- What is ‘Pro Bono’?
- What is a Pro Bono clinic?
- Who is eligible?
- Who can volunteer?
- Do volunteers need to register?
- Tenant FAQs: renting in the DIFC
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The words ‘pro bono’ are Latin: they mean ‘for the public benefit.’
In 2009, the DIFC Courts were applauded by the region’s legal community for implementing the first Pro Bono Programme of free legal advice in the Middle East, which was in turn derived from a need in the community for pro bono legal representation. This initiative allows individuals who cannot afford a lawyer the ability to seek free advice and representation from volunteer lawyers and is headed by the Pro Bono Programme Leader, Hayley Norton. The Programme is a public expression of the DIFC Courts’ mission to provide swift, transparent and accessible justice to DIFC Court users and to ensure that all parties are on equal footing in proceedings before the Courts, which is supported by the DIFC Courts.
A successful applicant may use a full range of legal services, from basic advice to full case management and representation in proceedings. Individuals who meet the eligibility criteria (explained below) will have their case details sent to all the volunteer firms.
Legal advice offered by volunteer practitioners will focus on issues that fall, or might fall, within the DIFC Courts’ jurisdiction. Legal assistance will not be provided on matters which are criminal in nature or governed by personal laws, such as family or inheritance laws, as well as those originating from organisations or transactions outside the DIFC Courts’ jurisdiction.
The DIFC Courts Pro Bono Programme (“Pro Bono Programme or Programme”) is only applicable to the Small Claims Tribunal and the Court of First Instance. If the case is to progress into the Court of Appeal or an additional claim is to be lodged, both the pro bono litigant and the volunteer practitioner agree to continue the representation into the appeal or additional claim.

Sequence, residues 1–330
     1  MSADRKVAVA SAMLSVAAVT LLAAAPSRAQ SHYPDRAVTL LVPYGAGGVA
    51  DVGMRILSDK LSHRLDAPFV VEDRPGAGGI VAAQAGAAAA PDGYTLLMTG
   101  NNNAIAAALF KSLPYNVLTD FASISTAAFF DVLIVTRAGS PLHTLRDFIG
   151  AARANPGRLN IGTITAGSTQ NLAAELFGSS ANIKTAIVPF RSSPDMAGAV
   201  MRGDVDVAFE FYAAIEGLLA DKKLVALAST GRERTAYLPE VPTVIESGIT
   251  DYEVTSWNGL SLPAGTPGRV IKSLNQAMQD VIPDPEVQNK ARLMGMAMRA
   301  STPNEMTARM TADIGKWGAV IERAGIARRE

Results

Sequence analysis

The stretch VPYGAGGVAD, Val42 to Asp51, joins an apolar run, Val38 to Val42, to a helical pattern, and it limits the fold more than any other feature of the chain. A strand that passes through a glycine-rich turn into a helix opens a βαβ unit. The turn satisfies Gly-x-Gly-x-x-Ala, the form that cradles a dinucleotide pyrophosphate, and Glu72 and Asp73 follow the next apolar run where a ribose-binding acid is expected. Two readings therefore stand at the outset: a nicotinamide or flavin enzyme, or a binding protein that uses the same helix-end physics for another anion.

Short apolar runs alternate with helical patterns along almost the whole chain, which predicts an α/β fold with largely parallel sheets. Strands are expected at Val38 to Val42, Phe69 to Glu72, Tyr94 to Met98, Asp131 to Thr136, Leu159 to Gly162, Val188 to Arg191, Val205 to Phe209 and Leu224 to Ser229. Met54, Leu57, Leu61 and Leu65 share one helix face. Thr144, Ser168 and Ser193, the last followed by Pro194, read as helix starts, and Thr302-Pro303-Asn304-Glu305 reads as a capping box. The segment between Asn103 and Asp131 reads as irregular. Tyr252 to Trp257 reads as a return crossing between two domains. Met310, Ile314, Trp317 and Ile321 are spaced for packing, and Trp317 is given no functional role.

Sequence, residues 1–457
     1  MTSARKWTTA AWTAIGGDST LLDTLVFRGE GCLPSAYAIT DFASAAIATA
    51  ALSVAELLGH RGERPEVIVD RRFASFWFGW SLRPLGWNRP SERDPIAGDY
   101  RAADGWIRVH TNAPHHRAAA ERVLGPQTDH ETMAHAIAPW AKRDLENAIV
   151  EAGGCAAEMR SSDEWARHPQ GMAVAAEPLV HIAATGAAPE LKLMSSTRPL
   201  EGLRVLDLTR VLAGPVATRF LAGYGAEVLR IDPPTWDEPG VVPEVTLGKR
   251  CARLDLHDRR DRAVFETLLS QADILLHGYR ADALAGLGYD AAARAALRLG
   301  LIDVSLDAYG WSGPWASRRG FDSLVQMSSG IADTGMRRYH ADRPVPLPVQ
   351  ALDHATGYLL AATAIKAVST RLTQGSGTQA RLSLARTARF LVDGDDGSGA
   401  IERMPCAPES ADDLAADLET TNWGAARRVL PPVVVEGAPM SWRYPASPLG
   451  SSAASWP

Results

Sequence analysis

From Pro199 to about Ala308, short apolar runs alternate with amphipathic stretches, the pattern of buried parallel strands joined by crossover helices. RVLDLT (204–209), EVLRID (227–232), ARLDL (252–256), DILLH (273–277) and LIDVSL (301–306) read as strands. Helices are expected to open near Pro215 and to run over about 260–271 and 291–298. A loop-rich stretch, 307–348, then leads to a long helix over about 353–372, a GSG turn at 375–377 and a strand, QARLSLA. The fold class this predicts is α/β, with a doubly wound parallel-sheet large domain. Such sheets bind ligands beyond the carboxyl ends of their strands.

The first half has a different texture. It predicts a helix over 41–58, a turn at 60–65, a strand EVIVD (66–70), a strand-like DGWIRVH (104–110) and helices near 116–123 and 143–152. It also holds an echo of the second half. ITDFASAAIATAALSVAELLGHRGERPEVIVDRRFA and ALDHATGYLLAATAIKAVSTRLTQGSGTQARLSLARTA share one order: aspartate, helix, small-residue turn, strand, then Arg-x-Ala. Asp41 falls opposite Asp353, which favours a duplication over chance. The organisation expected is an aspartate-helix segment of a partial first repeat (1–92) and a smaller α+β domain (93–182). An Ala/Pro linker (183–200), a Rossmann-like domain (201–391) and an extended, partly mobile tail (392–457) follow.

Pro Bono Clinic
Periodically throughout the year, the Programme can be accessed through a Pro Bono (free legal advice) Clinic outreach initiative. Clinics are held bi-weekly on Thursdays in the DIFC Courts Office. They offer potential pro bono litigants one-to-one quality time, in confidence, with a registered pro bono volunteer practitioner who is always legally qualified and is often a specialist in-house legal counsel. He/she can advise the potential litigant on possible case scenarios and offer a course of action – or can provide the pro bono litigant with a wide range of options for further consideration. No appointments are necessary for the Pro Bono Clinics, which operate on a walk-in, first-come, first-served basis.
The Pro Bono Programme is a scheme set up for those who cannot afford legal representation. The main criterion, therefore, is the financial need for legal representation based on the inability to afford it. The merits of the case – that is, whether the case has a reasonable chance of success if it goes to trial – are also taken into consideration.
Law firms and individual practitioners wishing to participate in the Pro Bono Programme should be registered and in good standing under Part I or Part II of the DIFC Courts’ Register of Legal Practitioners. Each firm or individual practitoners should complete a registration form (which can be found here) law firms should include the contact details of the firm’s liaison associate for pro bono matters. This should then be submitted to the Programme Leader (email@example.com).
DO I HAVE TO USE A BROKER / AGENCY?
No. You are not required to use a broker/agency. However, using brokerage firms or an agency to source your DIFC residential premises is useful as they will handle all administrative aspects of your rental. If you find a property that is being rented directly from the landlord, you can act on your own on behalf.